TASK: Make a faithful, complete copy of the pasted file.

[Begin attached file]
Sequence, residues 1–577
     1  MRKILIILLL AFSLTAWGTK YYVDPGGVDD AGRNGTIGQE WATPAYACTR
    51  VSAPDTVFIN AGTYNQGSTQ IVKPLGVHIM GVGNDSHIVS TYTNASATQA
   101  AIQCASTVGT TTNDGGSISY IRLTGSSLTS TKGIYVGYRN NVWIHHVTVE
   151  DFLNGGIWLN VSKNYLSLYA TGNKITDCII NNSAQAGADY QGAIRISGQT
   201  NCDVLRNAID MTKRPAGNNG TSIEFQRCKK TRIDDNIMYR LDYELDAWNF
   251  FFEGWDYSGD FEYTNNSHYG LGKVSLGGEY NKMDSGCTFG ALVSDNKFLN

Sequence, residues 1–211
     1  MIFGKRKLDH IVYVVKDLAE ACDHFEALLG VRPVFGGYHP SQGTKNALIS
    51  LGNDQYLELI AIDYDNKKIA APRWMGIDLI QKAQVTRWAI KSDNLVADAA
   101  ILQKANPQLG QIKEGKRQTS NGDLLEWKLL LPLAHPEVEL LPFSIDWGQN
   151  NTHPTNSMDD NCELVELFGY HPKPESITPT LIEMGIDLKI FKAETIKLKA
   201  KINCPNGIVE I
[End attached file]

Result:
Sequence, residues 1–577
     1  MRKILIILLL AFSLTAWGTK YYVDPGGVDD AGRNGTIGQE WATPAYACTR
    51  VSAPDTVFIN AGTYNQGSTQ IVKPLGVHIM GVGNDSHIVS TYTNASATQA
   101  AIQCASTVGT TTNDGGSISY IRLTGSSLTS TKGIYVGYRN NVWIHHVTVE
   151  DFLNGGIWLN VSKNYLSLYA TGNKITDCII NNSAQAGADY QGAIRISGQT
   201  NCDVLRNAID MTKRPAGNNG TSIEFQRCKK TRIDDNIMYR LDYELDAWNF
   251  FFEGWDYSGD FEYTNNSHYG LGKVSLGGEY NKMDSGCTFG ALVSDNKFLN

Sequence, residues 1–211
     1  MIFGKRKLDH IVYVVKDLAE ACDHFEALLG VRPVFGGYHP SQGTKNALIS
    51  LGNDQYLELI AIDYDNKKIA APRWMGIDLI QKAQVTRWAI KSDNLVADAA
   101  ILQKANPQLG QIKEGKRQTS NGDLLEWKLL LPLAHPEVEL LPFSIDWGQN
   151  NTHPTNSMDD NCELVELFGY HPKPESITPT LIEMGIDLKI FKAETIKLKA
   201  KINCPNGIVE I